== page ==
BUFFALO, N.Y. -- Three University at Buffalo students have
received prestigious Fulbright Fellowships, the most recent class
in what has become a UB tradition of multiple winners in the highly
competitive, nationally-recognized scholarly competition.
The three winners, two seniors graduating this month and a
graduate student, are:
-- Thawab Shibly, who has been known as a vocal and
eloquent spokesperson for the rights of Palestinian refugees,
graduates with a double major in political science and English, and
a minor in art. She was recently chosen for the SUNY Chancellor's
Award for Student Excellence.
Shibly is president of the campus Community Action Corps, has
led a bi-weekly discussion group for the Muslim Student Association
and is a volunteer mentor at the Priscilla Project.
Born in Damascus and raised in Buffalo, Shibly is the recipient
of the Fulbright English Teaching Assistantship to sponsor her for
20 hours a week of teaching in Jordan. She will also continue her
oral history research of refugees living in Jordan.
A University Advanced Honors College scholar, she has been on
the dean's list for five semesters. Shibly is also the recipient of
the J. Scott Fleming Scholarship for Leadership and Excellence, and
has volunteered in the New Orleans recovery effort.
-- Karl Barber, an Albany native, is a senior majoring in
chemical engineering and French. Barber is a Presidential Scholar
at UB and chairman for the Society for Biological Engineers for
UB's chapter of the American Institute of Chemical Engineers
Barber has performed research in protein engineering since 2010
and is currently investigating the development of temperature
sensitivity in a split mini intein. Last summer he pursued an
internship in neurobiology at University Laval in Quebec City
making use of a light-sensitive protein to study interneurons in
the hippocampus of mice.
In 2011 Barber received the AIChE Outstanding Junior Award for
the Western New York chapter. He also enjoys studying French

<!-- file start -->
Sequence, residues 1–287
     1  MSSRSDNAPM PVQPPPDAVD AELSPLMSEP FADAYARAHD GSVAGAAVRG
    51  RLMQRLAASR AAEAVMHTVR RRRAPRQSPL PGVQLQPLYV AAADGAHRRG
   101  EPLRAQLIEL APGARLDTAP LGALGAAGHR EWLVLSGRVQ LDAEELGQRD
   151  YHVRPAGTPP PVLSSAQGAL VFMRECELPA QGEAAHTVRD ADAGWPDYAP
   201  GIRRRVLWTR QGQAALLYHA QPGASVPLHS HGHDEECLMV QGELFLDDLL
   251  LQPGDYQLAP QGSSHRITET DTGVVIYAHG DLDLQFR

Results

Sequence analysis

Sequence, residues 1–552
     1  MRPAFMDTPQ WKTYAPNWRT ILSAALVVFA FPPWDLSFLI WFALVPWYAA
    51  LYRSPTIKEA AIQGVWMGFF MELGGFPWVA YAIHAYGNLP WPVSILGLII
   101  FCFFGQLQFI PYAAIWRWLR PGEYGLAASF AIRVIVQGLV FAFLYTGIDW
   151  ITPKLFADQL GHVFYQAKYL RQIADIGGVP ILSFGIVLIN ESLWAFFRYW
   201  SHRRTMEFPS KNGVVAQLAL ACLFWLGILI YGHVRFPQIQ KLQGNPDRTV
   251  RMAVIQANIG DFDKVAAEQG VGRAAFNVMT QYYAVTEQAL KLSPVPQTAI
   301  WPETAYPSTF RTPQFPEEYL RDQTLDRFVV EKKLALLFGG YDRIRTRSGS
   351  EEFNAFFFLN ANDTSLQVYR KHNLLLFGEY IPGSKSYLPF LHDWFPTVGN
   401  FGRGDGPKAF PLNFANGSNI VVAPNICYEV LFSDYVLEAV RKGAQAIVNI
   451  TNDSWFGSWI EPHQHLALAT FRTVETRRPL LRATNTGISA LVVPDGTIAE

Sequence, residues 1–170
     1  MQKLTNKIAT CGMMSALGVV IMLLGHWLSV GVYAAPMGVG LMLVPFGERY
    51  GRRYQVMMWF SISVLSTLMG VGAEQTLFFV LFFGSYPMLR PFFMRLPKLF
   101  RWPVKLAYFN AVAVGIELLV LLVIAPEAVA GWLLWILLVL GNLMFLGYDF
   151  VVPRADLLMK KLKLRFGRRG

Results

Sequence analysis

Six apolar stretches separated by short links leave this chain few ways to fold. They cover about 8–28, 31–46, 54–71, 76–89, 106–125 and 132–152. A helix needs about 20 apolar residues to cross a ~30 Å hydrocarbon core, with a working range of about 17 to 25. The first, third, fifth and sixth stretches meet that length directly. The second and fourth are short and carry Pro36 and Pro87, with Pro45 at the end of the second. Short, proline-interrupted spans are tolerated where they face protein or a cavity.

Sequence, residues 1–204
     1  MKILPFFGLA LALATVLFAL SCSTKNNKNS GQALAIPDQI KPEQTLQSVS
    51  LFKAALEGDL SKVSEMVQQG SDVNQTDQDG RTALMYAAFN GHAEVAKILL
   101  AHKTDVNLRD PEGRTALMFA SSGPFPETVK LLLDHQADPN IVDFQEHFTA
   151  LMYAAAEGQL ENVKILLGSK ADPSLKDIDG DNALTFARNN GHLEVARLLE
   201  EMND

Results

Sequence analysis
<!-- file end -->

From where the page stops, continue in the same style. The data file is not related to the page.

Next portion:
Canadian linguistics and culture.
Barber will use the Fulbright grant to study the molecular basis
of the death of mutant photoreceptors in neurons at McGill
University in Montreal. This will have important implications in
the study of inherited diseases related to retinal degeneration.
Barber also plans to volunteer at a mental hospital, to emphasize
the human aspect of neuroscience.
Barber is a member of the Honors College at UB. He will study
for his doctorate in molecular biology at Yale University after his
Fulbright award in the fall of 2013.
-- Grace Mukupa, a graduate student pursing a PhD in
global gender studies, will use the Fulbright award to explore the
effect of food incentives as strategy for attracting and retaining
young students in educational institutions of the Khatlon Province
in Tajikistan. The project will target 81 elementary schools and 17
high schools. This region endured brutalities of civil war and
presently has high levels of disparity between boys' and girls'
Mukupa currently serves as president of UB's Graduate Student
Association as well as advising three undergraduate organizations
-- the African Student Association, Pi Delta Psi fraternity and the
UB Gospel Choir.
She is a native of Zambia who grew up in Tokyo. Mukupa
integrates discussion on gender and disparities in Southern Africa
into her teaching of the undergraduate course "Gender in Africa and
Gender and Traditional Laws in Africa."
Since 2010, Mukupa has been serving as representative to the
United Nations to the Economic and Social Council through Alpha
Kappa Alpha sorority Inc. She is also a member of American
Association of University Women, Alpha Kappa Alpha Sorority Inc.,
the National Women's Studies Association (NWSA), and Society for
AIDS in Africa and Affirmative Action on Gender Equality
In December she received a scholarship to present at the 16th
International Conference on AIDS and Sexually Transmitted
Infections in Africa in Addis Ababa, Ethiopia.
The three Fulbright Scholarships, among the most prestigious
academic awards in the country, are major accomplishments for the
students, both in personal stature and the opportunity it gives
them to continue their scholarly work, according to Kenneth
Shockley, UB's Fulbright Program Adviser and associate professor of
The steady stream of Fulbright awards -- UB is now accustomed to
having multiple winners each year -- also is a statement about the
quality of the university, he said.
"UB should be very proud of these grantees, as we should be of
all those students awarded fellowships of such prestige, and
subject to such competition," Shockley says. "They demonstrate the
caliber of our student body and the capacity of UB students to
compete successfully against the best and the brightest of the most
elite universities in the U.S."
Students interested in the Fulbright program are encouraged to
contact Prof. Shockley, and read about the program at http://www.fulbright.buffalo.edu.